In 2011, just after the murder of Muammar Qaddafi, Benjamin Valentino, an Associate Professor of Government at Dartmouth University who specializes in political violence and genocide, wrote a post-mortem of modern American interventionism with regards to humanitarian and fiscal efficiency titled, “The True Cost of Humanitarian Intervention.” He argues that the benefits of humanitarian campaigns, even in best case scenarios, are dwarfed by the costs in both economic price and sum human suffering. The main critique of non-interventionist policy is that with said intervention, lives would be lost to violence and genocide, but Valentino says contrary to this that, “Abandoning humanitarian intervention in most cases would not mean leaving victims of genocide and repression to their fate. Indeed, such a strategy could actually save far more people, at a far lower price.” (1). He found that, “aiding defenseless civilians has usually meant empowering armed factions claiming to represent these groups, groups that are frequently responsible for major human rights abuses of their own” (Valentino 3). These factions often use their new arms to wage tribalistic campaigns against neighboring ethnic or religious groups, further destabilizing regions.  He also found that air strikes disproportionately target civilians compared with other uses of force. “In Kosovo, in addition to between 700 and several thousand Serbian military deaths, Human Rights Watch estimates that NATO air strikes killed more than 500 civilians.” (Valentino 3). The efforts of interventionists can also change the perception of victims groups, as “Foreign military interventions can change victims from being viewed as a nuisance into being seen as powerful and traitorous enemies, potentially capable of exacting revenge, seizing power, or breaking away from the state.” (Valentino 4). Democracy forced upon a populace can also fail to be seen as such, but rather a tendril of western imperialist control and influence. Perhaps most notably, Valentino notes that the cost-per-life saved of humanitarian intervention has skyrocketed over the decades, and that military action is always less cost efficient than material and infrastructure aid. “Each of the 220 Tomahawk missiles fired by the U.S. military into Libya, for example, cost around $1.5 million. In Somalia, a country of about 8.5 million people, the final bill for the U.S. intervention totaled more than $7 billion. Scholars have estimated that the military mission there probably saved between 10,00 and 25,00 lives. To put it in the crudest possible terms, this meant that Washington spent between $280,000 and $700,000 for each Somali is spared.” (Valentino 5). “Three strategies offer the prospect of helping more people with a much lower moral, political, and economic cost: investing in international public health initiatives, sending relief aid to victims of natural disasters and famines, and assisting refugees fleeing violent conflict. Millions more lives could be saved if the billions of dollars spent on humanitarian interventions were instead spent on these efforts.” (Valentino 6). In terms of efficiency, “measles vaccination would be 3,000 times as cost-effective as military intervention in Somalia.” (Valentino 6). Ultimately, he argues for the importance of humanitarian aid but insists we can do a better job of making sure the aid we give actually assists the victims of violence and prevents from further destabilization of regions. To demonstrate how these complications in military intervention play out in an actual conflict we will look first to the example of Kosovo.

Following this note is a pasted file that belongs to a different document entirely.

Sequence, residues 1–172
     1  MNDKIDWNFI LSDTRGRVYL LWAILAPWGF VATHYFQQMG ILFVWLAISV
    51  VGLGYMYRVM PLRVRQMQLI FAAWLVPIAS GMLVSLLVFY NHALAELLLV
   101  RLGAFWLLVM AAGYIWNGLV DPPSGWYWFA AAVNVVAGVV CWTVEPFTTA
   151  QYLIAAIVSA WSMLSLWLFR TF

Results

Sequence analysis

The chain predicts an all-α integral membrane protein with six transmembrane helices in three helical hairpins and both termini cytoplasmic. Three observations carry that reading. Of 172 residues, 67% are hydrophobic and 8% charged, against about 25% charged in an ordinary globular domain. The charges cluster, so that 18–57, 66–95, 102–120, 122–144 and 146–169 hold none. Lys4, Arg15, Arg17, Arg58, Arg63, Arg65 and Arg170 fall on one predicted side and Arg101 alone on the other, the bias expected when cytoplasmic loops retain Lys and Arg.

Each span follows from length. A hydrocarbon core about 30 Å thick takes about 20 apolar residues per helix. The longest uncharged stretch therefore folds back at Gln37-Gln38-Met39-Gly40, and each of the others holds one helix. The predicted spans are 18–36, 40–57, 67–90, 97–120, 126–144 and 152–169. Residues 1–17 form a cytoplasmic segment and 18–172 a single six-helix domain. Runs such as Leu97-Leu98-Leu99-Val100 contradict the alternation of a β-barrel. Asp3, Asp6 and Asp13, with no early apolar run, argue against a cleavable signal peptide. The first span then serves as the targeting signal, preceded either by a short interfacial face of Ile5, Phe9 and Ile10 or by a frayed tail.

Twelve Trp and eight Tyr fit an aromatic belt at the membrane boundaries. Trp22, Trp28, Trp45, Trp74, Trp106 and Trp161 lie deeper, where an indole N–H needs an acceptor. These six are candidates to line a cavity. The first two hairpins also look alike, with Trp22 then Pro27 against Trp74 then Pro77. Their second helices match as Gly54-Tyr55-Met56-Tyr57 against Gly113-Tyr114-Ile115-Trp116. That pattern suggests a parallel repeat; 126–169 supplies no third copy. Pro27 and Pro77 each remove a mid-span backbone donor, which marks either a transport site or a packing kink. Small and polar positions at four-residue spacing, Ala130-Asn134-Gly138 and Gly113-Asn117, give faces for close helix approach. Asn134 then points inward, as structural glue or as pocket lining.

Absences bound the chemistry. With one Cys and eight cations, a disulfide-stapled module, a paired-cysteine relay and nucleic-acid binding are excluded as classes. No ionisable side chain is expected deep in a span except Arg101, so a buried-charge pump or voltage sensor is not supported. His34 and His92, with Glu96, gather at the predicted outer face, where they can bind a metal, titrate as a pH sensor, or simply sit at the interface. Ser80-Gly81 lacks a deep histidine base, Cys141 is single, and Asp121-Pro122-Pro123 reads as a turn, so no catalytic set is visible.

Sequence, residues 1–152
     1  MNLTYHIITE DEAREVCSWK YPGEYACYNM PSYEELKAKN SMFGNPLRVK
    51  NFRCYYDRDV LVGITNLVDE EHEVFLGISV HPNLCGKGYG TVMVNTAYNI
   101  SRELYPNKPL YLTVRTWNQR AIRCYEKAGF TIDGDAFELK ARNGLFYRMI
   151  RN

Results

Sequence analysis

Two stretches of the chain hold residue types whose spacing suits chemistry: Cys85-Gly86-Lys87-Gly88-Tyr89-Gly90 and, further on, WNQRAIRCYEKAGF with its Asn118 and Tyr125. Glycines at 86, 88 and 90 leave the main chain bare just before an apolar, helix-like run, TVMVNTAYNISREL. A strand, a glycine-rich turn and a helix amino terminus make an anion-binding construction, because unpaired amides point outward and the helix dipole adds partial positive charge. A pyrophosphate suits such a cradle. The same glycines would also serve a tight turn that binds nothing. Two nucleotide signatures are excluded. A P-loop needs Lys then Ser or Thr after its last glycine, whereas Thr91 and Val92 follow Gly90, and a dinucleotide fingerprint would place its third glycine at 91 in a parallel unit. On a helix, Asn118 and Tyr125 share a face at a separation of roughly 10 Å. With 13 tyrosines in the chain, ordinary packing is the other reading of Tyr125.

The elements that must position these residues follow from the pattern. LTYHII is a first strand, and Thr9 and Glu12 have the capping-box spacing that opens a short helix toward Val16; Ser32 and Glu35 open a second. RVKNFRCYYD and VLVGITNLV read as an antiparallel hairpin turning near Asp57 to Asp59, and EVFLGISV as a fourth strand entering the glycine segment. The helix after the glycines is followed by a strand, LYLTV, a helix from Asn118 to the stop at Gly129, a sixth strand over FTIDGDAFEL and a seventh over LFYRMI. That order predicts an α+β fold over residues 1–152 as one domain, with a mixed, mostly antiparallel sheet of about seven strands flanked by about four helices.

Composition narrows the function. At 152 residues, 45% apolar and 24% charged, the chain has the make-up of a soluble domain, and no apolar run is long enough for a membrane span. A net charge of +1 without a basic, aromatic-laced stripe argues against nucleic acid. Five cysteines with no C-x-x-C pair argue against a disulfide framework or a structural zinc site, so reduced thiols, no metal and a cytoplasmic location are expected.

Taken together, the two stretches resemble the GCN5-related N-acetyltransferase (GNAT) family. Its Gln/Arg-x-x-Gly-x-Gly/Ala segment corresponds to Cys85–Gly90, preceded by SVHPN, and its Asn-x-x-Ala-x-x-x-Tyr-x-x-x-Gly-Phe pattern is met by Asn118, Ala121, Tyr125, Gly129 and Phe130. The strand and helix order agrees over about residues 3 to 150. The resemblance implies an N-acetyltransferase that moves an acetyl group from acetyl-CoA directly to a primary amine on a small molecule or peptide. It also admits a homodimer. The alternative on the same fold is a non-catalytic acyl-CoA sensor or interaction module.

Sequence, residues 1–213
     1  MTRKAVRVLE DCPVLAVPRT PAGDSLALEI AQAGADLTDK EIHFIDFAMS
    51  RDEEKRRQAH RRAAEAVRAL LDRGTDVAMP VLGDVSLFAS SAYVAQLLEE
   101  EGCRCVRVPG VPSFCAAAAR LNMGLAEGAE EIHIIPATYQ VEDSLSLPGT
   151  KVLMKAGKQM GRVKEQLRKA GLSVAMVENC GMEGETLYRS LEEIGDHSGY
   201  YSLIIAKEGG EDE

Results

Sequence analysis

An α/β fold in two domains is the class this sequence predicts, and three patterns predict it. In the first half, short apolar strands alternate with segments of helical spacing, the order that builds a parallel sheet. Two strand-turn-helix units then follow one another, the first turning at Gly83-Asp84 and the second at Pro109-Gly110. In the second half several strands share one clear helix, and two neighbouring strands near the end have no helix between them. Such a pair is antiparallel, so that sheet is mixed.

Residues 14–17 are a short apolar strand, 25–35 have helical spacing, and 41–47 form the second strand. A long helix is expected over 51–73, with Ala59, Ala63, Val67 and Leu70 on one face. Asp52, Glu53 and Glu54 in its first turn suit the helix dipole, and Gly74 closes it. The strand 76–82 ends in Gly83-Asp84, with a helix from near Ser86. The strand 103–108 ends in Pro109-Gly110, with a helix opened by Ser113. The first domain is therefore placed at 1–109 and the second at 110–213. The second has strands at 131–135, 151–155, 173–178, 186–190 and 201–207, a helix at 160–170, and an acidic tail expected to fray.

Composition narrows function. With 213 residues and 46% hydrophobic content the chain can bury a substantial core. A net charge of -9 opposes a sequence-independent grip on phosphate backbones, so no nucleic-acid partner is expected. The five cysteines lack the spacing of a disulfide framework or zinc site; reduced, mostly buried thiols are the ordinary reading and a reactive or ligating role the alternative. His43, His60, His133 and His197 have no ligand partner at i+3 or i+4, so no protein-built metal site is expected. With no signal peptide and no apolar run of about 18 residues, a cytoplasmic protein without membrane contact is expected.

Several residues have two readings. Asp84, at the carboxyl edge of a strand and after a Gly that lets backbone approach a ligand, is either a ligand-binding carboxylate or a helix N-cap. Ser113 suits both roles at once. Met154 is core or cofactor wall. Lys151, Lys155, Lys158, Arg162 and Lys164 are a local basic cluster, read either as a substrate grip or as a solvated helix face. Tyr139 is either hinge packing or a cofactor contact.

The Kosovo war of 98’ was a military conflict between the Yugoslavian government and a group of Kosovar Albanians known as the Kosovo Liberation Army that lasted just over a year. NATO and the United States intervened in the conflict calling it a humanitarian war that would be lauded as a gold star example of how intervention was meant to be done, but even at the time some had their doubts. Post-mortems of the Kosovo war, such as “The Small War That Wasn’t” by Cameron Abadirevealed that the humanitarian fallout of their intervention was far worse than what was reported. First, their campaign against the government involved US and NATO forces arming and “supporting the Kosovo Liberation Army (KLA)–a group that U.S. officials had previously described as terrorist.” (Abadi 2). This support was predicated on preventing further human rights abuses by government forces, however “Intelligence agencies privately warned that the KLA was trying to provoke Serbian massacres in hopes of persuading NATO to support its bid for independence.” (Abadi 2). Unsurprisingly, “after the NATO bombing campaign in 1999 helped evict Serbian forces from Kosovo, the Kosovo Liberation Army turned on the Serbian civilians remaining in the province and in the neighboring Macedonia, killing hundreds and forcing thousands to flee.” (Valentino 3). In addition, American bombing runs destroyed a Chinese embassy, killing three nationals and sparking international tensions between China and the US not forgotten to this day. “The Chinese government declared it a ‘barbaric attack’ and seemed to encourage, and even help organize, the protests that erupted across China.” (Abadi 3). This coupled with America’s military actions so close to their old rival’s borders would become the foundation of the new “great power” struggle between Russia, China and the US. While the establishment saw Kosovo as the definition of a success, others saw it as “a war of choice marginal to the interests of major powers, including the United States.” (Abadi 3). The goal of preventing atrocities against the Albanian Kosovar may have been successful in this case, but the aversion to looking at the true cost of their humanitarian intervention would ensure this attitude was replicated in Iraq, Afghanistan and Libya, where the results would be much less favorable. To the critics of interventionist policy, Kosovo was the early warning for what was to come.